On 24 January, 2011 members of SJC joined community-based organisations, TAC, Free Gender, Triangle Project among others at the Coalition to End Discrimination demonstration outside of Parliament. The demonstration called for the African Union to immediately end discrimination against the LGBTI community and demanded that the South African government implement further measures to prevent the targeting and harassment of South African lesbian, gay, bisexual, transgender and intersex people.
Below you can read the text of the memorandum.
President Jacob Zuma
Minister Maite Nkoana-Mashabane
Minister Jefff Radebe
Dr. Ayanda Ntsaluba Director –General DIRCO
120 Plein Street
Dear President Zuma, Minister Nkoane-Mashabane, Minister Radebe and Dr. Ntsaluba
EQUALITY FOR ALL: AT THE AFRICAN UNION SUMMIT
Today, we assemble and picket for two reasons: first, we ask the Government of the Republic of South Africa to ensure that the members of the African Union end their repression and criminalisation of lesbian, gay, bisexual, transgender and intersex people (LGBTI). This repression and criminalisation violates international law. Second, we once again draw your attention to the hate-crimes against LGBTI people in our own country.
As a range of civil society, community organisations and individuals we address you with a sense of urgency. Some of our organisations are united in the Coalition to End Discrimination (a coalition against all forms of discrimination including on the basis of sexual orientation and gender identity) and we collaborate with the Lesbian and Gay Equality Project, the Joint Working Group annd other LGBTI organisations.
THE AFRICAN UNION AND LGBTI PEOPLE
Over the last 15 years, many governments across Africa including Zimbabwe, Ivory Coast, Uganda, Malawi, Sengal, Kenya, Namibia, Egypt and Swaziland have singled out LGBTI people as scapegoats. Together with some “religious” leaders, governments have used violent rhetoric, encouraged hate crimes and promoted the death penalty for LGBTI people simply because of their sexuality and gender identity. We call this the deliberate mobilisation of hate against vulnerable people.
The mobilisation of hate against LGBTI people has its roots in hunger, unemployment, wars, corruption, authoritarian rule, environmental disaster and a failure of leadership on the African continent.
African leaders have refused to promote equality in laws, constitutions and customary practices not only against LGBTI people but also against women, ethnic minorities and other vulnerable people. LGBTI people remain one of the easiest groups to target with hate and to divert attention from the real problems of the African countries, our continent and the world.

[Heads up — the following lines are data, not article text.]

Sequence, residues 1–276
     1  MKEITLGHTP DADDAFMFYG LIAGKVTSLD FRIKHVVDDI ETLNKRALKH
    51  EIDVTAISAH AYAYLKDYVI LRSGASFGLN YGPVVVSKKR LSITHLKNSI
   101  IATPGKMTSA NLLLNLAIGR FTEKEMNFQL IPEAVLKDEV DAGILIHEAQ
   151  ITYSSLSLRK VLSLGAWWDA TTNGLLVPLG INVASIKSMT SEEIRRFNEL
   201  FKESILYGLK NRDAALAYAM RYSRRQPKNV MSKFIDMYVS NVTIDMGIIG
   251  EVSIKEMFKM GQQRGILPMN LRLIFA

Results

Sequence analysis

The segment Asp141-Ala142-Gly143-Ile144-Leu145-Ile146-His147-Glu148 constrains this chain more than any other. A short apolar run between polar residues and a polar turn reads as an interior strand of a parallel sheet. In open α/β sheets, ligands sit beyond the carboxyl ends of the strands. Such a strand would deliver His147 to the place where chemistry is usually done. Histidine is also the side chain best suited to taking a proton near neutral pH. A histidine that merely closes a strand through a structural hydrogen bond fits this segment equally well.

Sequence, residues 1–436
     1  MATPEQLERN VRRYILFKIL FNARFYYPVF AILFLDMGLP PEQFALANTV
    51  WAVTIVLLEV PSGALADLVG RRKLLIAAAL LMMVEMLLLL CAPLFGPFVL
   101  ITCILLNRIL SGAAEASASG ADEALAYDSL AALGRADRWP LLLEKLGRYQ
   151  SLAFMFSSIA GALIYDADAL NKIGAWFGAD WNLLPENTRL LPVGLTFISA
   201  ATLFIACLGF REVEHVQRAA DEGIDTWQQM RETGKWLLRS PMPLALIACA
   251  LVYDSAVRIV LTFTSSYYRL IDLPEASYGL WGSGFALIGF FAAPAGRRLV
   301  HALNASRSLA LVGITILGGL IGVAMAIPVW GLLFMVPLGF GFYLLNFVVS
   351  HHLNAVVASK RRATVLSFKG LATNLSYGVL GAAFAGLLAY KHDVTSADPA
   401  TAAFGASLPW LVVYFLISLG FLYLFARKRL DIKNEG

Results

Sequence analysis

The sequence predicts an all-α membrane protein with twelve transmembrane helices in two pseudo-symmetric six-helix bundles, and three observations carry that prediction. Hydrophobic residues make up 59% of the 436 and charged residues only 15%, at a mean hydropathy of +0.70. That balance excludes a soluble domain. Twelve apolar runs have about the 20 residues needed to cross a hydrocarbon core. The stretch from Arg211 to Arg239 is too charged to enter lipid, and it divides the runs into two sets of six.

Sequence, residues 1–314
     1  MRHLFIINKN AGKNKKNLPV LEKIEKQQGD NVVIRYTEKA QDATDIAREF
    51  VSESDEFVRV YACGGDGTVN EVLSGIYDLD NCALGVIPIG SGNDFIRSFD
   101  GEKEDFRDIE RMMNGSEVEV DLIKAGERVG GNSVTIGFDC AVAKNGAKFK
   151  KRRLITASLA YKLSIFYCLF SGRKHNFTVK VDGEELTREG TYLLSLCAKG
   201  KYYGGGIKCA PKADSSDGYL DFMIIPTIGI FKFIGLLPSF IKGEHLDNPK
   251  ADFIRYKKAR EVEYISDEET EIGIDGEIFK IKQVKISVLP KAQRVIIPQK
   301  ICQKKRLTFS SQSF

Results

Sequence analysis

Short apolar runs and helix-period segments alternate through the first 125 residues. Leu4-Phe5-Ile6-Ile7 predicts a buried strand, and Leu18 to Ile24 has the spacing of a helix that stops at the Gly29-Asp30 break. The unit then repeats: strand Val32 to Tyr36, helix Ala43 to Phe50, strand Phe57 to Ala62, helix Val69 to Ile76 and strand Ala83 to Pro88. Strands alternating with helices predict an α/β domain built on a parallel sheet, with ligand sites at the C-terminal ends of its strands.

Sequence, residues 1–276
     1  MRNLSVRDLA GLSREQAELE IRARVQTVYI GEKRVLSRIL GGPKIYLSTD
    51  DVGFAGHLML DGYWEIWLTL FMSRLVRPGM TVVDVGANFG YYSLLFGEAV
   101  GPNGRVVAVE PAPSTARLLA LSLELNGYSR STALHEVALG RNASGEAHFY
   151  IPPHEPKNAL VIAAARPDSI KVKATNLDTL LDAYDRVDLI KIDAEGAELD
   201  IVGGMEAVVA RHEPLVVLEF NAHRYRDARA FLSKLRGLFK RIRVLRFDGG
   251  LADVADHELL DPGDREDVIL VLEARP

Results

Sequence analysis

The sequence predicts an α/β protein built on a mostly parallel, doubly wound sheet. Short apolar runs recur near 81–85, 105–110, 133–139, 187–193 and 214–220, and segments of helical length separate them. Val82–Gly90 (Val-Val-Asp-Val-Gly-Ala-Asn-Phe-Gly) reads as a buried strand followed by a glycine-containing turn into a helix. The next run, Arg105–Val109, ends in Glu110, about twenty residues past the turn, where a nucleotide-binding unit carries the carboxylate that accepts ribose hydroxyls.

We urge the South African delegation at the African Union Summit to begin a discussion and process to change this mobilisation of hate by African governments against LGBTI people.
Against the wishes of many African countries, South Africa changed its vote at the United Nations General Assembly on 22 December 2010 to re-instate “sexual orientation” as a grounds for protection againsts extrajudicial, summary, and arbitrary executions. This is only a beginning. South Africa must work with African governments to stop hate speech, decriminalise sexual orientation and gender identity, promote equality for all people including women, statelesss people, ethnic minorities and LGBTI people.
As civil society organisations including LGBTI organisations, we commit once again to work with the Ministry and Department of International Relations and Cooperation to promote freedom, dignity and equality for all people on our continent and elsewhere. We will continue to organise local and global opinion against governments and agencies that use LGBTI people as scapegoats.
HATE-CRIMES AGAINST BLACK LESBIANS
On 04 February 2006, Zoliswa Nkonyana, a Black working class lesbian from Khayelitsha near Cape Town was raped and murdered. Five years later and there has been no justice for her family.
Hate crimes against Black lesbians including “curative rape” and murder has increased across South Africa. In a country with some of the most advanced legislation based on sexual orientation and gender equality, these crimes must be addressed as a matter of urgency and constitutional duty.
Hate crimes targeted at individuals because of their real or perceived identities have increased in our country. These crimes include xenophobic or racist harassment, assaults and murders.
We appeal to the Justice Ministry to ensure that Parliament in its 2011 session adopts comprehensive antihate crimes legislation. In addition, we ask the Government through President Zuma to address the huge backlogs, inefficiencies and corrption in the criminal justice system.
The systemic weaknesses of the criminal justice system not only allows hate crimes such as that against Zoliswa Nkonyana to happen, they also lead to further injustices against victims and their families.
We hope that you will carry a message of freedom, equality and human dignity to the African Union Summit and we commit ourselves to ensure that locally and on our continent LGBTI equality is realised.